A role, on the other hand, is used to associate resources with frameworks in various ways.
A useful, if not entirely precise, analogy can be made with user management in the Unix world:
principals correspond to usernames, while roles approximately correspond to groups. For more
information about roles, see the [role documentation](roles.md).
+
+In a real-world organization, principals and roles might be used to represent various individuals
or groups; for example, principals could correspond to people responsible for particular frameworks,
while roles could correspond to departments within the organization which run frameworks on
the cluster. To illustrate this point, consider a company that wants to allocate datacenter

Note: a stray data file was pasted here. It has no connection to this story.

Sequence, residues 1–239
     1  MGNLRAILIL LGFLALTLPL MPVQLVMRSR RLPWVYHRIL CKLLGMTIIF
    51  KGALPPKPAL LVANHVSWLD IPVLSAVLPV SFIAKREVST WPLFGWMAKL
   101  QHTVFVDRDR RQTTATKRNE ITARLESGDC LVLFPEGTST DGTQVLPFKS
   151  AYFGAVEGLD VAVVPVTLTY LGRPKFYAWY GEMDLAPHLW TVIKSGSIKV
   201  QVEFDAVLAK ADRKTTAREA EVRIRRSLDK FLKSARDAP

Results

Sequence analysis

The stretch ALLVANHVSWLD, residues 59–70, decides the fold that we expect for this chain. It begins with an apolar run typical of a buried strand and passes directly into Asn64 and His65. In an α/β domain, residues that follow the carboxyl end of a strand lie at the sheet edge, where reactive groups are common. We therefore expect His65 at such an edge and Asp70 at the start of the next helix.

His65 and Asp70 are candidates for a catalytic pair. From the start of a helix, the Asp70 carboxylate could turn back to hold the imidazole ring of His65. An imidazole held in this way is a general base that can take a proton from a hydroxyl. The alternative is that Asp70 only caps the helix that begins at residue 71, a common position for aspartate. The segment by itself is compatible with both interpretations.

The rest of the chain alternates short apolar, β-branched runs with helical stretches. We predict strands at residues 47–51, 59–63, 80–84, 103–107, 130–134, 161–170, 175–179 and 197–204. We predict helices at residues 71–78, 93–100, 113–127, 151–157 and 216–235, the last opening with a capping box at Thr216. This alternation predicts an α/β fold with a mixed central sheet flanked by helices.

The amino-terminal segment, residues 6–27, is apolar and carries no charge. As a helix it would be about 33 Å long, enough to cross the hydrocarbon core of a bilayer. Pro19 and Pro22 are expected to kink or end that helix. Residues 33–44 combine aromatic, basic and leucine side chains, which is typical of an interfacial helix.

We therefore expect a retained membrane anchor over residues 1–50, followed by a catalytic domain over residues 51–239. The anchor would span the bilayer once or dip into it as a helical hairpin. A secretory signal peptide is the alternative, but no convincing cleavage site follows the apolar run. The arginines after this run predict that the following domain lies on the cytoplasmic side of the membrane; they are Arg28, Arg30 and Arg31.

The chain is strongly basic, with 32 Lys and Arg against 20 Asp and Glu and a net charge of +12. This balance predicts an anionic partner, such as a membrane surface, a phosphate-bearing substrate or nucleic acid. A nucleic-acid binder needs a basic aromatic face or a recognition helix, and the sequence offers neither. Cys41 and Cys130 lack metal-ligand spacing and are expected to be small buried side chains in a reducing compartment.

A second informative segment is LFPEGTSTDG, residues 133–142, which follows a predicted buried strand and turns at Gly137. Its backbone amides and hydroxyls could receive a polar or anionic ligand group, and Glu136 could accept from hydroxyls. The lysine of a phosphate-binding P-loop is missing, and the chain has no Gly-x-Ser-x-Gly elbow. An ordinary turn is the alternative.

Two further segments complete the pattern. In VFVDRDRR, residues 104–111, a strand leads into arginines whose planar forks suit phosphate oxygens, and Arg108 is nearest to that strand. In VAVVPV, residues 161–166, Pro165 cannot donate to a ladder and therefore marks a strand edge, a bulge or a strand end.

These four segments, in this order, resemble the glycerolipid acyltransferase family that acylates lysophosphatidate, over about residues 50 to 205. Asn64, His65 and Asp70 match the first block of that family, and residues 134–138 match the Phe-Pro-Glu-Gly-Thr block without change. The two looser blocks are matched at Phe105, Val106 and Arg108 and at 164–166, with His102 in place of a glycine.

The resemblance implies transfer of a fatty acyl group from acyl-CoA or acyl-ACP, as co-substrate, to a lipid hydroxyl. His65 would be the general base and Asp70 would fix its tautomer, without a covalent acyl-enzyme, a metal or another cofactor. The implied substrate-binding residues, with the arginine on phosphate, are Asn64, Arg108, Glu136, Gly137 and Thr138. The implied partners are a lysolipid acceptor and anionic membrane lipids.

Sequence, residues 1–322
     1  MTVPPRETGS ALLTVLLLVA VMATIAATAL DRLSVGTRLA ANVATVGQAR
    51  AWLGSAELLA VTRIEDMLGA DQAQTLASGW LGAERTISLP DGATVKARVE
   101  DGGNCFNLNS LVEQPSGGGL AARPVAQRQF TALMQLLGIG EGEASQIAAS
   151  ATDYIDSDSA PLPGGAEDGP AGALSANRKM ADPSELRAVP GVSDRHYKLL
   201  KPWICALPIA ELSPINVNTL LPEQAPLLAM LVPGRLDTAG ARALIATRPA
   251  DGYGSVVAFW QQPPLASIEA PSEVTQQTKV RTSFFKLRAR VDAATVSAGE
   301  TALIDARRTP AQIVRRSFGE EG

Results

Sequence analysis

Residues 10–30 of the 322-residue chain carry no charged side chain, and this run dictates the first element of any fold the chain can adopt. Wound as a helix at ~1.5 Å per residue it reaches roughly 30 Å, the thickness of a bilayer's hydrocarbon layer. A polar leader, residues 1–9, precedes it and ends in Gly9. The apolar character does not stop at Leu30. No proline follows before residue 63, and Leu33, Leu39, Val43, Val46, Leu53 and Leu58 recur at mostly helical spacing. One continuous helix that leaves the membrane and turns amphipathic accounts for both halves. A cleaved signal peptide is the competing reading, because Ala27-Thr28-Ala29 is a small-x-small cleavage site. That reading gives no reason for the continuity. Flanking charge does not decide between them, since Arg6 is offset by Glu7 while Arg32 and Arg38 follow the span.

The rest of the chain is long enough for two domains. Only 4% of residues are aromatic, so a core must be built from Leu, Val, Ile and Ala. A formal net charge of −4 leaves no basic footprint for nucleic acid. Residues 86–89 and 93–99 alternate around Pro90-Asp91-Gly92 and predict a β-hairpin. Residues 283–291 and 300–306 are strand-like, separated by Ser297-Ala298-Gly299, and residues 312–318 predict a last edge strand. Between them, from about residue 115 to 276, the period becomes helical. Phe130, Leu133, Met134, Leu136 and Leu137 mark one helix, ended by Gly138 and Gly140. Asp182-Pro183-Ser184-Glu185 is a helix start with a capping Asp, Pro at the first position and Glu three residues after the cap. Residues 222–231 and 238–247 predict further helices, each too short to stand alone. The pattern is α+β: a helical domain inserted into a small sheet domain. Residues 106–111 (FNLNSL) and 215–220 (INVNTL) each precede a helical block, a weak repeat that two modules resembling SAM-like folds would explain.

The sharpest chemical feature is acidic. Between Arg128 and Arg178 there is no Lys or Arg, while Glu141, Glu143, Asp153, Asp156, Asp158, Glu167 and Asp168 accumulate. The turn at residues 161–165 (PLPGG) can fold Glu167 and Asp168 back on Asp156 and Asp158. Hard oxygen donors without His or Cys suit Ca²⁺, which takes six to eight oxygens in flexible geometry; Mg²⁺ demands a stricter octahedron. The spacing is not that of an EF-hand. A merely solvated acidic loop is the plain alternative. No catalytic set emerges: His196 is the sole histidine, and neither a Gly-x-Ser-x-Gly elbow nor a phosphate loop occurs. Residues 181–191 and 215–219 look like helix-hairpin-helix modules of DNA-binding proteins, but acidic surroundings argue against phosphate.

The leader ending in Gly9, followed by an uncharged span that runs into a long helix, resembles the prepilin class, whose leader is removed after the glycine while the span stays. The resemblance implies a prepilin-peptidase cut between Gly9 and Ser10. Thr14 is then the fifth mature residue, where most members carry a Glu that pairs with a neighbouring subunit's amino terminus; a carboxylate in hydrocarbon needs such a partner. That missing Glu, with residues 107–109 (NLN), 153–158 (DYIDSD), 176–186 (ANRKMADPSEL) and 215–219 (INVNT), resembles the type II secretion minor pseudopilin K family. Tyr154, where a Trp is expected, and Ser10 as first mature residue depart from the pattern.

resources amongst multiple departments, one of which is the accounting department. Here is
a possible scenario in which the accounting department launches a Mesos framework and then
attempts to destroy a persistent volume:
+
+* An accountant launches their framework, which authenticates with the Mesos master using
its `principal` and `secret`. Here, let the framework principal be `payroll-framework`; this
principal represents the trusted identity of the framework.
+* The framework now sends a registration message to the master. This message includes a `FrameworkInfo`
object containing a `principal` and a `role`; in this case, it will use the role `accounting`.
The principal in this message must be `payroll-framework`, to match the one used by the framework
for authentication.
+* The master looks through its ACLs to see if it has a `RegisterFramework` ACL which authorizes
the principal `payroll-framework` to register with the `accounting` role. It does find such
an ACL, so the framework registers successfully. Now that the framework belongs to the `accounting`
role, any [weights](roles.md), [reservations](reservation.md), [persistent volumes](persistent-volume.md),